Charles Chaput retired as Philadelphia’s archbishop exactly one year ago, and for him at least, it’s been a quiet and very private twelve months. Private, but not unproductive. Henry Holt Ltd, an imprint of Macmillan, will publish his latest book – Things Worth Dying For: Thoughts on a Life Worth Living – on March 16. The reader will find in its pages Chaput’s most memorable and moving work; but then, along with many others, I helped with the research as the archbishop completed his drafts. So a review is better left to different voices.
There are three brief passages from his forthcoming book that are, nonetheless, worth sharing here and especially now. He writes:
As a young bishop decades ago, I spent hours reading anything I could about leadership. People deserve good leaders. Great leaders seem to be born with special skills, and are therefore rare. But most persons have at least some seeds of leadership in their character; seeds that need just a little courage, wisdom, desire, and self-mastery to grow.
A good leader knows his strengths and cultivates them. He also knows his weaknesses. He enlists and acknowledges good cooperators to achieve what he can’t do alone. He also accepts the demands that leadership puts on him: protecting the people in his care; putting their needs above his own; guiding them; giving them reasons for hope; and speaking with honesty. Honesty is the most unwelcome quality in a leader when the news is bad. But it always ranks among the most respected virtues of leadership. Honesty is humanity’s anchor to reality.
For too many of us, freedom no longer means the ability to know, to choose, and to do what’s morally right; rather, it means what the scholar D.C. Schindler described as “freedom from reality” itself. It’s a freedom literally “diabolical” in the sense of the original Greek roots of the word: dia (between) and ballo (throw), meaning roughly to split apart or divide. As a result, we relentlessly try to reimagine the world to suit our desires, and then coerce others into believing our delusions.
Truth is to the human soul as water is to a desert. It gives life. It also, as Someone famous once said (Jn 8:32), makes us free. Courage and honesty are the pillars that sustain a culture of truth; they enable a freedom grounded in reality. Their absence produces the opposite. This is why, despite the current administration’s pious calls for unity and a return to America’s best ideals, what we actually now have is a political culture of systematic lying and unreality, driven by a will to power.
Anyone doubting the mendacity of our new leaders and their herd immunity to the virus otherwise known as fact, need only watch health assistant secretary nominee Dr. Rachel (formerly “Richard”) Levine’s performance when recently questioned by Sen. Rand Paul.
It’s a sign of our times that Paul (himself a physician), not Levine, was subsequently trashed by mainstream media for asking “offensive” and “ignorant” questions about genital mutilation of children perceived as gender-confused; the approved language, it turns out, is “gender-affirming health care.” In other words, gender-transitioning a minor is no more a form of child sex abuse than abortion is a form of killing the unborn. Both are positive goods.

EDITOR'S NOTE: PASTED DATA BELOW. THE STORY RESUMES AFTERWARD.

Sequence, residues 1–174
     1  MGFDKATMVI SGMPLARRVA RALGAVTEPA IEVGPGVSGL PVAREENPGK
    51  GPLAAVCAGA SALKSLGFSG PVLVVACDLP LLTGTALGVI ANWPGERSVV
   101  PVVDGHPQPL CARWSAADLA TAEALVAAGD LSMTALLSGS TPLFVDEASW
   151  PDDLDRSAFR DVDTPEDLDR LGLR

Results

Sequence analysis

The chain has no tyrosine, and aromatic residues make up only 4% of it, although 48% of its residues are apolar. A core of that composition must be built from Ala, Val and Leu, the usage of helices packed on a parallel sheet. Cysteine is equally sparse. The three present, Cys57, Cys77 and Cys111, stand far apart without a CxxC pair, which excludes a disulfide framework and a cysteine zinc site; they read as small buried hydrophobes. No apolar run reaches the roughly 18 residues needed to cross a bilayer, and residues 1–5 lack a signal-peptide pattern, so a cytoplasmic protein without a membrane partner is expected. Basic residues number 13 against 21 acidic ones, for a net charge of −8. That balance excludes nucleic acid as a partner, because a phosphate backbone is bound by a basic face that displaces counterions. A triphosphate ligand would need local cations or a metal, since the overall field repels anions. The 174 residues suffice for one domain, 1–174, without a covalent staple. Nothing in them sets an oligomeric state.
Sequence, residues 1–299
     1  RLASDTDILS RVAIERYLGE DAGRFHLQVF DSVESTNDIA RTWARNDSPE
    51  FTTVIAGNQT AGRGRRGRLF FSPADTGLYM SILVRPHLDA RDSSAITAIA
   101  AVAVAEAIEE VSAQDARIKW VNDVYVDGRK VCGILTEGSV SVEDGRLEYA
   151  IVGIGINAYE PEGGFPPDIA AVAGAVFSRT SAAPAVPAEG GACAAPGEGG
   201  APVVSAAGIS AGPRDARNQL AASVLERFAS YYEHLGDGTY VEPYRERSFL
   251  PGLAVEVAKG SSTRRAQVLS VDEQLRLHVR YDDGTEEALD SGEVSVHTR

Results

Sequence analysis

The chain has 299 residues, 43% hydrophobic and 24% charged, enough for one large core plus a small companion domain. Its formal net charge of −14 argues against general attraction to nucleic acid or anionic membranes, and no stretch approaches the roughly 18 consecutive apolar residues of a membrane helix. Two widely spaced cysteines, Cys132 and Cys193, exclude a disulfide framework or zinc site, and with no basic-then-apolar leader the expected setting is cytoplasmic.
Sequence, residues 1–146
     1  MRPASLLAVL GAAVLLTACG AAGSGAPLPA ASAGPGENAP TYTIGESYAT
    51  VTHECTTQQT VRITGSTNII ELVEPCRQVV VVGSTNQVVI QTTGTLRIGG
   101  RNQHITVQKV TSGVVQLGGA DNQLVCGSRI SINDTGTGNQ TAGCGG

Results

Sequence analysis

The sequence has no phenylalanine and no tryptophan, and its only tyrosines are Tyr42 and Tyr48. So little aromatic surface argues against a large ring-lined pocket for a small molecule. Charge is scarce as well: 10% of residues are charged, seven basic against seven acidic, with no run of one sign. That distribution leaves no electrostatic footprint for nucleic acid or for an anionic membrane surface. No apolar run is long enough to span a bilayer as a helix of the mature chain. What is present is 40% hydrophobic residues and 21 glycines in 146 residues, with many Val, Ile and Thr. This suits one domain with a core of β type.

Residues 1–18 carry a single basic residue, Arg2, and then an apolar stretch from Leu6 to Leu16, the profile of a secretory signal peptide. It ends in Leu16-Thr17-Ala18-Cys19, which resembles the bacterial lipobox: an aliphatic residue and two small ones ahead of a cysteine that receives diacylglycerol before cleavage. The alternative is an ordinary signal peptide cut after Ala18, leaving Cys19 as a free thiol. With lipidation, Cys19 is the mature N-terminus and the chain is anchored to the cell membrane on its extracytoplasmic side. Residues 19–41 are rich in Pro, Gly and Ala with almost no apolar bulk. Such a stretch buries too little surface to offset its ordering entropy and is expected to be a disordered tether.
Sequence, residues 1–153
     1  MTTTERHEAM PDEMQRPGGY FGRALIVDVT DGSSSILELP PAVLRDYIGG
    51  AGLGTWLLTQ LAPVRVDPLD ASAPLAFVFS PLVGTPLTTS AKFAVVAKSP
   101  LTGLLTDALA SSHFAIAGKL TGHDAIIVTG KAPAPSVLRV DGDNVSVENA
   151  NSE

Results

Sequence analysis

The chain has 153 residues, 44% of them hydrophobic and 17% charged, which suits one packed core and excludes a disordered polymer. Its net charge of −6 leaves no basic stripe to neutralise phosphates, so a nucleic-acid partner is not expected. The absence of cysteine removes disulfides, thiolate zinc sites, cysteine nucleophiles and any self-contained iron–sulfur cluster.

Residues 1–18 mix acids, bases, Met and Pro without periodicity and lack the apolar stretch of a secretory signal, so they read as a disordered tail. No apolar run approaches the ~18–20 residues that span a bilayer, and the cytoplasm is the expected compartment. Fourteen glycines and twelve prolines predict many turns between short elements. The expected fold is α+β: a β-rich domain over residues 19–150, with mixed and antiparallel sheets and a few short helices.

Reality, like biology, is now malleable – even erasable. On the day I wrote this column, the word “Richard” appeared nowhere in Levine’s Wikipedia bio entry, even as a residue of personal history. What we make ourselves forget, in effect, never existed.
Americans have always been a practical people. Sensible persons in flyover country – i.e., those darkling colonies outside Carthage on the Potomac and the DC/Boston corridor – will be tempted to shrug this nuttiness off as a kind of self-hypnosis, certain to run its course and collapse. That’s a mistake. If the last century taught any lesson, it’s that poisonous ideas can have astonishing durability and a bitterly high cost in suffering. They also spread and mutate unless they’re stopped. And stopping them requires people of courage and honesty.
Which brings us to a third and final passage from Chaput’s Things:
Cowardice is very good at hiding behind prudence. Too often we twist ourselves to suit what we think is approved behavior or thought. We muffle our beliefs to avoid being the targets of contempt. Over time, a legitimate exercise of prudence can degrade into a habit that soils the soul. No person of integrity betrays his or her convictions; mouthing lies we know to be lies murders us inwardly. Even silence, which is sometimes prudent, can poison our integrity if it becomes a standard way to avoid the consequences of what we claim to believe. Jesus urges us to love our neighbor as ourselves. Love can never involve accepting or joining in the evil of others. The self-love proper for a Christian includes the love of personal honor, the kind that comes from living with integrity in a world that would have us betray our convictions.
In my years working for Archbishop Chaput, I discovered both the quality of his character and his appetite for films. He’s seen hundreds. Among his favorites, understandably, is A Man for All Seasons, based on the play by Robert Bolt. Yet as Bolt himself said, he wrote his play not as an argument for truth, but in defense of personal conscience, whatever a person’s beliefs.
The real Thomas More would have found Bolt’s reasoning incomprehensible. More believed in the existence of truth – not just “my” truth or “your” truth, but the truth, God’s universal and enduring truth – regardless of our personal opinions. For More, that truth resides with unique beauty and authority in the Catholic Church, and we owe her teachings our loyalty, without reservations, if we claim to be Catholic. Which is why he died for her, and why his fidelity remains a model for us in every season: the good, the bad. . .
And our own. Something to remember in the days ahead.